Lake Carolina

Richland 2 parents pursue novel idea to avoid rezoning Lake Carolina Elementary

cclick@thestate.comSeptember 27, 2013 

Lake Carolina Elementary School

Lake Carolina Elementary School


Lake Carolina Elementary is among the most sought-after schools in Richland 2, known as a place that not only boasts impeccable school rankings but hearkens back to a time when most children walked or bicycled to classes.

Now, as the district prepares to open a new elementary school in its shadow, some parents are advocating splitting Lake Carolina Elementary into two entities. Under the proposal, kindergarten through second grade would be housed in the current location and grades 3-5 in the new school, the as-yet-unnamed Elementary School 19, on Kelly Mill Road.

That scenario could forestall a painful rezoning battle, akin to the angst that emerged three years ago, when Bridge Creek Elementary School siphoned off children in the Centennial neighborhood of Lake Carolina. The residential community off Hard Scrabble Road in suburban Northeast Richland encompasses more than 30 neighborhoods, shops and recreational facilities – with thousands more homes expected to go up in coming years.

Officials in the Midlands’ largest school district began exploring the idea of splitting the school last year after the idea bubbled up in the community, said Fred McDaniel II, the district’s chief planning officer.

“This was originally suggested by a couple of parents,” he said.

Some parents in favor of the plan spoke to the Richland 2 school board earlier this week, just prior to a presentation by district planning coordinator Will Anderson. Anderson told the board the parents came to the district “asking for a different model” in hopes of avoiding the redrawing of school lines.

“We’ve never done this in Richland 2,” Anderson said, of the potential division of an elementary school. The district has sought information from school officials statewide who operate split elementary schools, as well as surveyed Lake Carolina’s families, faculty, PTO and School Improvement Council members.

Anderson said 280 families responded to the survey, with about 52 percent favoring splitting the school into K-2 and 3-5. Among the Lake Carolina faculty, 58 percent want to keep the K-5 confirmation while 42 percent are willing to change, he said.

The PTO and SIC groups at Lake Carolina were in favor of splitting the school.

With that near-even split, the seven-member school board Tuesday asked for more community reaction to the proposal before taking action. .

Ed Gatzke, a Lake Carolina parent of two, spoke in favor of developing what he called an upper and lower school, seeing it as a way to retain community cohesion for those already zoned for the elementary school.

“Hopefully, we can continue as a split school,” Gatzke said. He said beyond staving off a rezoning battle, “there are some academic advantages to having it separated.”

Another parent, Connie Black, said she worried about fluctuating property values in the Lake Carolina neighborhoods if attendance lines were redrawn.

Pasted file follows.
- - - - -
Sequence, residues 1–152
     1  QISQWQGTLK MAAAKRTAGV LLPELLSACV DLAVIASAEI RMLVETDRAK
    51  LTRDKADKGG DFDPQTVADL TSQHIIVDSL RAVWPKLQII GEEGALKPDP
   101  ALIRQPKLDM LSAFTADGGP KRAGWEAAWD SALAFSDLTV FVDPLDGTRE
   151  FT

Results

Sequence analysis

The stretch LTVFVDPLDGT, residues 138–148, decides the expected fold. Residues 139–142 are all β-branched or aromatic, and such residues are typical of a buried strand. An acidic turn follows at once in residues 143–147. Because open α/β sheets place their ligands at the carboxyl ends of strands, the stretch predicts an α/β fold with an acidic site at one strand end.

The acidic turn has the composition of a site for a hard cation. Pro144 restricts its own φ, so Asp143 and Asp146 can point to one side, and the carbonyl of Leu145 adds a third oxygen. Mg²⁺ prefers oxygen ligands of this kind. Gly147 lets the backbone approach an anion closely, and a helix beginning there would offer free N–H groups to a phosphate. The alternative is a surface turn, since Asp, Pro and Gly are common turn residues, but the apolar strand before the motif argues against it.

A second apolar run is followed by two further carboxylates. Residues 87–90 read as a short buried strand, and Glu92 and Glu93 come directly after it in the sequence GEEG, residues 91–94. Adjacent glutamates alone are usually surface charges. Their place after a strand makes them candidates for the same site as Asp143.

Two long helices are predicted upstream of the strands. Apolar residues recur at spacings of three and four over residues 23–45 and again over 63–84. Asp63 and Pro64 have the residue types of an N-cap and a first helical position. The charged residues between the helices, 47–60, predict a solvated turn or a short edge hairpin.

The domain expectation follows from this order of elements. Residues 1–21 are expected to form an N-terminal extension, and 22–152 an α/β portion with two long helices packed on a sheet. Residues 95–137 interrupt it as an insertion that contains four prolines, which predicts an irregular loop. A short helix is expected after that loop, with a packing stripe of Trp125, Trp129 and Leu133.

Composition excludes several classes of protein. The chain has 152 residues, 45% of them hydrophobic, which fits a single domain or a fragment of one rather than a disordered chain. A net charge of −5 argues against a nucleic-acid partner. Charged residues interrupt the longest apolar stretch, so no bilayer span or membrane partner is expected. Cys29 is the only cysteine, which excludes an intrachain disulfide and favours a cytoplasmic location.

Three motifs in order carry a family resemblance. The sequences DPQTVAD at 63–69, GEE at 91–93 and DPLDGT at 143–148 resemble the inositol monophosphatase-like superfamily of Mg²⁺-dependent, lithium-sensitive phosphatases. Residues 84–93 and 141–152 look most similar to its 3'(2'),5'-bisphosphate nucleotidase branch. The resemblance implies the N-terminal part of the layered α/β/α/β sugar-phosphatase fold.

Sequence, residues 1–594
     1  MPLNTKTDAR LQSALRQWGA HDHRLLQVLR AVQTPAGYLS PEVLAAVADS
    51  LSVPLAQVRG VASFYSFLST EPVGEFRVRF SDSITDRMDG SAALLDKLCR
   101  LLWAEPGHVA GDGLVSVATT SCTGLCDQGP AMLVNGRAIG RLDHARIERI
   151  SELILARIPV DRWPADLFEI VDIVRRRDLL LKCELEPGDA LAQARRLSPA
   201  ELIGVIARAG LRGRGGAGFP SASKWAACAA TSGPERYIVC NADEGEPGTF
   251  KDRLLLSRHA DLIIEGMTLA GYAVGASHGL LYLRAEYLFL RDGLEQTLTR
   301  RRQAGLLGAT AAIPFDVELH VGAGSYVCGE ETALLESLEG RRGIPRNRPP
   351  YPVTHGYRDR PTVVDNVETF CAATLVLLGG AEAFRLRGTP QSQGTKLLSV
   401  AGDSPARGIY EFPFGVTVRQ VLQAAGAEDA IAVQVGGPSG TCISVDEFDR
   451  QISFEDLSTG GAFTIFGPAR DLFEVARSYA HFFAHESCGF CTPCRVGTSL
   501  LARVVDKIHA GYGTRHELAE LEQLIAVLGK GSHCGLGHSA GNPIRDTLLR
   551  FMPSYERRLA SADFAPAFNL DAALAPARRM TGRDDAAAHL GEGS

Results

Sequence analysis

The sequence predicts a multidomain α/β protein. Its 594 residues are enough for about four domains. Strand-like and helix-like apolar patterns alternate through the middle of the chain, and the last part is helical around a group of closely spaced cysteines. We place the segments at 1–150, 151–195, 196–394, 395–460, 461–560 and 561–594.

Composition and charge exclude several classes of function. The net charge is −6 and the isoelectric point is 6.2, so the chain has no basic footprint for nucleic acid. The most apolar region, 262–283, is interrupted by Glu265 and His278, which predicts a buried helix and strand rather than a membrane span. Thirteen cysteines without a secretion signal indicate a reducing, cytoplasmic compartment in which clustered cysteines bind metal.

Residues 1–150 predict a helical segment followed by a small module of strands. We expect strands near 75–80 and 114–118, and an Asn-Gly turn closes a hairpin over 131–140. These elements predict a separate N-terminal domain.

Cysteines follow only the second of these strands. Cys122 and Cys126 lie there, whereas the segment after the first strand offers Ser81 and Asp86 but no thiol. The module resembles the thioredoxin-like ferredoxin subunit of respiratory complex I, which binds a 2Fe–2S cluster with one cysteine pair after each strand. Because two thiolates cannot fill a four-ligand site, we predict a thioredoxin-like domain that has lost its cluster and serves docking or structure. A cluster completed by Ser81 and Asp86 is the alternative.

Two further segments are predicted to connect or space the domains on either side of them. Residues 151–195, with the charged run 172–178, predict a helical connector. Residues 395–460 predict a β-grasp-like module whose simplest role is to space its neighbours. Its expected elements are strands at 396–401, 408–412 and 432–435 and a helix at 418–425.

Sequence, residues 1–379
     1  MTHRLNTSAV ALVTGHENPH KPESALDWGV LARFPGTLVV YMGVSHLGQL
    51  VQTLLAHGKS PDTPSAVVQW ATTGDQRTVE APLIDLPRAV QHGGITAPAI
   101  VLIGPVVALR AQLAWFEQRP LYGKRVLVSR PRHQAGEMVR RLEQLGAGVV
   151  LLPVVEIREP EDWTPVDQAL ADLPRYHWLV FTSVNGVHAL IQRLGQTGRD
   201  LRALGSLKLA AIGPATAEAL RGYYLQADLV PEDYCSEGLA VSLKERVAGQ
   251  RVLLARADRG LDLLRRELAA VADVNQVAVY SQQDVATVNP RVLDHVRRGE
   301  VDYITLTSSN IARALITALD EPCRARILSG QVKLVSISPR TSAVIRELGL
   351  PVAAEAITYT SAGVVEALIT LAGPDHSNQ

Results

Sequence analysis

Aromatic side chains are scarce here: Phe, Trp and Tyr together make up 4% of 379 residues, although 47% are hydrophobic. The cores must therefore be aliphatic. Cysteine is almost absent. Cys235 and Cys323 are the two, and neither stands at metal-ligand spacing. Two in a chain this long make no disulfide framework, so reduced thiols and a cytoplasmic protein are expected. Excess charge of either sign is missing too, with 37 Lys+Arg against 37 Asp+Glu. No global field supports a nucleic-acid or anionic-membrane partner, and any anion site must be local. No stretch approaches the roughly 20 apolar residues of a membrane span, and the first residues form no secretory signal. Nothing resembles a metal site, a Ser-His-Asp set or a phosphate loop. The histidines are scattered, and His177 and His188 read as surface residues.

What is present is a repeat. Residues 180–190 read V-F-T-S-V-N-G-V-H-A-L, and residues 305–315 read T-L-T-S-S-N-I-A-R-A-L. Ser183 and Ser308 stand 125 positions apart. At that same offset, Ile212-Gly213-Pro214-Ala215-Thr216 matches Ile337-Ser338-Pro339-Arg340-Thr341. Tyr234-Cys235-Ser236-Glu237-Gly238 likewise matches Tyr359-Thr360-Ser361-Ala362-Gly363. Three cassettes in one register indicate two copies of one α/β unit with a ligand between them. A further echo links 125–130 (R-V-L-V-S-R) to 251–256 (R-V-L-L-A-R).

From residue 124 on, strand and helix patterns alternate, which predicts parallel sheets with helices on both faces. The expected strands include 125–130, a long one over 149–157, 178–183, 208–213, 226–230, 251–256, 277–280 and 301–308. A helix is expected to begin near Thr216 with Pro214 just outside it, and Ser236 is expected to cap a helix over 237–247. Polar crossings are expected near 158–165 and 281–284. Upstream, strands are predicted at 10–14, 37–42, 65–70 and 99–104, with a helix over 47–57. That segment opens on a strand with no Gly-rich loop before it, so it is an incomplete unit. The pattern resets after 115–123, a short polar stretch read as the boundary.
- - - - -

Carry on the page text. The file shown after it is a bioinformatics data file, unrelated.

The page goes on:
But Andrew T. Kaczynski, a parent of two Lake Carolina children, argues against the split, saying it will create more traffic congestion and diminish the strong community bonds that exist among many families who walk their children to school.

“Saying would you rather split up your neighborhood or would you rather split up your family isn’t a fair decision,” he said Friday. “I would love to see a third alternative presented, which would involve rezoning entire neighborhoods.”

In his personal case, his two grade-school children would go to separate schools, likely ending the family’s morning walking routine. He said that loss of 15 minutes or so each day, multiplied across hundreds of households, results in lost time and productivity, as well as more idling of vehicles in car pool lines.

Jack Carter, the district’s executive director of operations, said there would likely be a 10-15 minute delayed start to accommodate car pools as well as older siblings walking younger brothers and sisters to school.

Lake Carolina Elementary was never intended to serve all of the Lake Carolina community, McDaniel said. Now, in addition to Lake Carolina, students in the neighborhoods go to Round Top and Bridge Creek elementary schools.

Elementary School 19 will relieve some of the congestion at Lake Carolina, which now serves 800 students and has10 portable classrooms to handle the overflow.

Board members were in no hurry to make the decision, asking for more information and more input from the community, including ways to make sure the new school has walking paths that connect to the communities, just as Lake Carolina Elementary has.

“I feel the pain of those families living in Lake Carolina,” said board member Calvin “Chip” Jackson. But he and others pointed out that the community is expected to see even more growth in coming years, with another 7,000 housing units listed on the Lake Carolina master plan.


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